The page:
Ready for anything: 4 questions with EY Belfast’s Karen Martin

"Never in my wildest dreams did I expect EY in Northern Ireland to be dealing with transactions of this nature.” Karen, a Senior Manager in our Business Tax team, shares her experience of life at EY Belfast (second time around).

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1.  This is your second career with EY Belfast – what made you come back?


My graduate career began with eight years at EY, gaining my professional qualifications and a grounding in business tax. When family circumstances moved us to Scotland, I left EY to try something new.


First came a number of years  working with some of Scotland’s most well-known entrepreneurs with another Big Four professional services firm. But with a growing family of young children, we decided to move back to Northern Ireland for the great schools and proximity to family. At this point I took on an industry role as European Tax Manager with an Irish headquartered listed company


My plan was to move back into a UK business tax role and I had opportunities with several employers. What sold me on EY, above all, were the people. The lovely sense of team at EY Belfast hadn’t changed. It felt like coming home.



  1.   To what extent does your work have a global impact?


The size of clients and the complexity of transactions we’re involved in mean there are lots of opportunities to make a global impact. For example, I’m currently working with a UK-headquartered group to restructure their operations in Singapore, Germany and Greece, and bring more activity back to the UK.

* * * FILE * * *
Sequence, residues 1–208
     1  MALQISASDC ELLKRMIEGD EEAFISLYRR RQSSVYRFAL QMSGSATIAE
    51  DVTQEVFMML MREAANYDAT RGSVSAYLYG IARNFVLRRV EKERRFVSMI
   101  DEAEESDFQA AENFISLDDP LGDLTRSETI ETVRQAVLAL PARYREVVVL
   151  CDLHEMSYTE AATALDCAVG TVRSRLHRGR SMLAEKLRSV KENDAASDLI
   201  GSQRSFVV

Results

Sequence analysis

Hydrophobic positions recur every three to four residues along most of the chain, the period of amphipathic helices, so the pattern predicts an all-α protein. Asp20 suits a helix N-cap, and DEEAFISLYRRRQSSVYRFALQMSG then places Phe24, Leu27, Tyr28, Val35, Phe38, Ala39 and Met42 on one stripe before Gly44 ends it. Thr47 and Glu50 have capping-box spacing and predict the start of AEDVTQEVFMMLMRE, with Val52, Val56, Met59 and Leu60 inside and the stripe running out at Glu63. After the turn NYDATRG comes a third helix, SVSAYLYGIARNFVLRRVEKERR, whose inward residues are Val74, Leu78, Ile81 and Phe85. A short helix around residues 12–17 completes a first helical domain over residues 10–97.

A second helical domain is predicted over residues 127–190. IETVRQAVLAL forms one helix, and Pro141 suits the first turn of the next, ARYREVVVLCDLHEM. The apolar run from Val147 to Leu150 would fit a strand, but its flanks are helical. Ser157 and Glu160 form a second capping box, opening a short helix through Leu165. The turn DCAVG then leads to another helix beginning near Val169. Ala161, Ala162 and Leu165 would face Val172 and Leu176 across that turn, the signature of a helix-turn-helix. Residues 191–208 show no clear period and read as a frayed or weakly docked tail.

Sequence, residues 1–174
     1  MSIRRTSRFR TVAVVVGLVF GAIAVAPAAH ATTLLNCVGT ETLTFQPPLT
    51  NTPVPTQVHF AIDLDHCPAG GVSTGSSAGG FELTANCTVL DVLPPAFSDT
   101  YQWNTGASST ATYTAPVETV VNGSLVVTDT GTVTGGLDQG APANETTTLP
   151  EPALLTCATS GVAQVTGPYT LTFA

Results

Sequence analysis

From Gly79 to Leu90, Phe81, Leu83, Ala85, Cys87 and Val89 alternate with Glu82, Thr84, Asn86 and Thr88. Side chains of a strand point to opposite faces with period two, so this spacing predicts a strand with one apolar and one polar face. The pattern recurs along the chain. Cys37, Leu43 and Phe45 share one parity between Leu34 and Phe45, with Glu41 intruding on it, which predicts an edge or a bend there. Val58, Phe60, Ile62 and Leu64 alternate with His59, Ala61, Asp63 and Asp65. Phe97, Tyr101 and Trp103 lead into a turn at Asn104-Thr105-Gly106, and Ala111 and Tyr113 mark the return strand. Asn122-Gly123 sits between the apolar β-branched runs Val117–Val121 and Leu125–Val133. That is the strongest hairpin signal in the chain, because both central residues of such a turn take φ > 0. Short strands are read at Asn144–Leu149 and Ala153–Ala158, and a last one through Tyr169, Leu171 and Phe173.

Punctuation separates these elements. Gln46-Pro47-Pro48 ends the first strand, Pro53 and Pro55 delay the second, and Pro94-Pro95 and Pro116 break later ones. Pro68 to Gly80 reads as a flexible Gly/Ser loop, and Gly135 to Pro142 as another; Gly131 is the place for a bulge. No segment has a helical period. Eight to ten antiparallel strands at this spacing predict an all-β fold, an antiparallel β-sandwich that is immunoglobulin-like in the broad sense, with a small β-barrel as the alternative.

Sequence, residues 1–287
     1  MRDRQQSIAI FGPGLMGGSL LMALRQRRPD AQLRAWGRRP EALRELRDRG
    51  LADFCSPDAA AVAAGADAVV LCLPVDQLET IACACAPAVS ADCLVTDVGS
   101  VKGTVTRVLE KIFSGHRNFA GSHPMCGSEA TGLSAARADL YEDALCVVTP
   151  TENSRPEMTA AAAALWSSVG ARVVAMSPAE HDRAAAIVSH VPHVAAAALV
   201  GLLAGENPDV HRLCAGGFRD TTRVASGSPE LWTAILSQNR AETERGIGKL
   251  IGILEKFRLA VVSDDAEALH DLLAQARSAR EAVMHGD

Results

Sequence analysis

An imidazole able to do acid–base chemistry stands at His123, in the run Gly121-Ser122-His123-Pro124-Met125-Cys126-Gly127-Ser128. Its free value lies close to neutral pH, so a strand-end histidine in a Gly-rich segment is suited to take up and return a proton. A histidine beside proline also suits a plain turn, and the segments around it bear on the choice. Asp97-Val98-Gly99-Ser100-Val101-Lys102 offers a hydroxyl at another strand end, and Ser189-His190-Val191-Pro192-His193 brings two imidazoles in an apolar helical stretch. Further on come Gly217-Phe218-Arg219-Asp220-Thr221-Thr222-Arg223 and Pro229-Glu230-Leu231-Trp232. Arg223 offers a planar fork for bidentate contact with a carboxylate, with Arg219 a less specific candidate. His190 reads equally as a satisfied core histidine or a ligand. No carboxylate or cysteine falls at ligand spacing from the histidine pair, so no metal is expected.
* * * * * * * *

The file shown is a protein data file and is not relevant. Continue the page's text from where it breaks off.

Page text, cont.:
Another restructuring project I really enjoyed had a value in excess of £2 billion and involved collaboration with overseas tax, legal and accounting teams. Never in my wildest dreams did I expect EY in Northern Ireland to be dealing with transactions of this nature.





  1.   What’s been the biggest aspect of your career development?


Not a day goes by that I don’t learn something new, thanks to the sheer variety of work we do. On any given day, I may be dealing with a global transaction in the morning and a local owner-managed business in the afternoon.


Because of this, I’ve greatly developed my ability to manage relationships and projects of any scale –multiple workstreams across disciplines, offices and countries – to the point where I can pretty much handle any transaction at this point. I feel ready for anything – and that’s a great thing to be able to say.



  1.   How do you balance work and family life?


Flexible working is open to anyone at EY, which is something I really appreciate. I live in the countryside just outside Belfast and normally travel in at non-peak times. So I start work at 7am and finish at 3:30pm, Monday to Friday, with Wednesdays off.


Having time in the afternoon and evening for my young children makes a huge difference. Arrangements like this work very well for EY too, as it means that people like me can continue to have a successful career while raising a family.


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